That’s how Tribble’s piece got turned into a podcast, animated by a cast of real people with real stories to tell. She was sent back to Fort Scott, as a joint effort between NPR and Kaiser Health News, to cover how the community coped after their hospital closed. She tells the story of the people of Fort Scott and how this hospital closure left an indelible mark on the community while some battled terminal illnesses. She uncovers the human toll when lack of access makes health equity elusive. Tribble’s story begins here, with the once top executive for Mercy Hospital.
Rita Baker is the former CEO of Mercy Hospital and was deeply connected to the Fort Scott community, having grown up just outside of the town. She went to nursing school there before spending time in the Kansas City area, but Mercy Hospital is where she wanted to be. She loved the community and stayed active in civic activities.
Baker was no ordinary CEO. She was emphatic about getting to know her staff. She often spent her off time making sure she recognized her staff personally. “You know how your heart fills up when you get a handwritten card or letter in the mail?” she tells Tribble. “It means they thought of you and cared enough to actually do something.”
Baker said the real challenge was matching the card with the employee. “So I knew I had some guys who were always deer hunters, so when I came across a card with appropriate scenes on it, I would grab that card.”
Tribble says, “But that means you knew each employee well enough to figure out which card fit their personality… That’s 400 people.”
“That’s part of being a good leader, is to know your people,” Baker said.
With the hospital closing, there were no more cards to match, address, or hand out. That was over. The warm fuzzy feeling that came with receiving those cards was over, too.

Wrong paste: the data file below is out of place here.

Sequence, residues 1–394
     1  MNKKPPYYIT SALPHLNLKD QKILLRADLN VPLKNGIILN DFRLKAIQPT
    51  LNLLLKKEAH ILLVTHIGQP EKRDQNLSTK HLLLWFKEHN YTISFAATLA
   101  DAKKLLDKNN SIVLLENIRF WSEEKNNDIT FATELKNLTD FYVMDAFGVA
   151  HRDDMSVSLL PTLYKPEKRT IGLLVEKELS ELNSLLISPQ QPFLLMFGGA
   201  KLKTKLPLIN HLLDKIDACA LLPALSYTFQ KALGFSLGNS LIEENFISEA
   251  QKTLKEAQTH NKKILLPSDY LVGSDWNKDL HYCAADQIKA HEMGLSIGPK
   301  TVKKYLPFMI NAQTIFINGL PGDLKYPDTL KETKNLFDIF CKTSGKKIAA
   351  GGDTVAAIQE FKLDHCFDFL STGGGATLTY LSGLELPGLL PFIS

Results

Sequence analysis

Things had been tough for a while. Cuts were made to critical services. But the news that Mercy Hospital was closing still surprised everyone, even its doctors. Baker’s fall from grace was fast and hard. “I don’t even like going out in the community anymore because I get confronted all of the time,” she said. “Someone confronted me at Walmart, you know. ‘How could you let this happen?’”
Tribble talks about riding with a volunteer during the early stages of her reporting for this story. The volunteer mentioned how you couldn’t turn the corner in Fort Scott without running into someone diagnosed with cancer.
Tribble thought of her sister, who grew up nearby and was also suffering from cancer. Baker, realizing the need was great, added a cancer center years prior, headed by a doctor who traveled from Wichita weekly to manage it.
Karen Endicott Coyan and husband John
One patient was Karen Endicott Coyan, someone Tribble spent a lot of time with. She was once an executive at Mercy Hospital for more than 20 years. Tribble said Coyan’s job was to “squeeze money out of federal programs like Medicare and Medicaid.” She lost her job two years before the hospital closed when Baker made the first round of cuts as a hail Mary attempt to mitigate Mercy’s pending doom.
Now Coyan was headed an hour away to cancer treatment. Once, she only had to drive 10 or 15 minutes down a dirt road to Mercy’s cancer center for chemotherapy, until it closed unexpectedly. Now she had to find a ride or try to drive herself. Tribble describes Coyan’s pre-cancer treatment prep as she waits for a ride from her sister-in-law.
“She starts to put on diamond earrings,” Tribble said. “I can’t help myself. I ask her, is chemotherapy treatment worthy of diamond earrings?”
“I think so,” Coyan answered. “I think it is. I don’t know why it wouldn’t be. I mean, I’m not going to go over there looking like a sick person. I don’t like looking like a sick person. That’s just me. The vanity, I guess.”
Coyan’s husband John used to raise cows. As she battles cancer, he suffers from dementia. Tribble met the two early in her reporting through a volunteer group in Fort Scott. She was doing a story for NPR about the lack of specialty care in rural America and the challenges it posed for patients.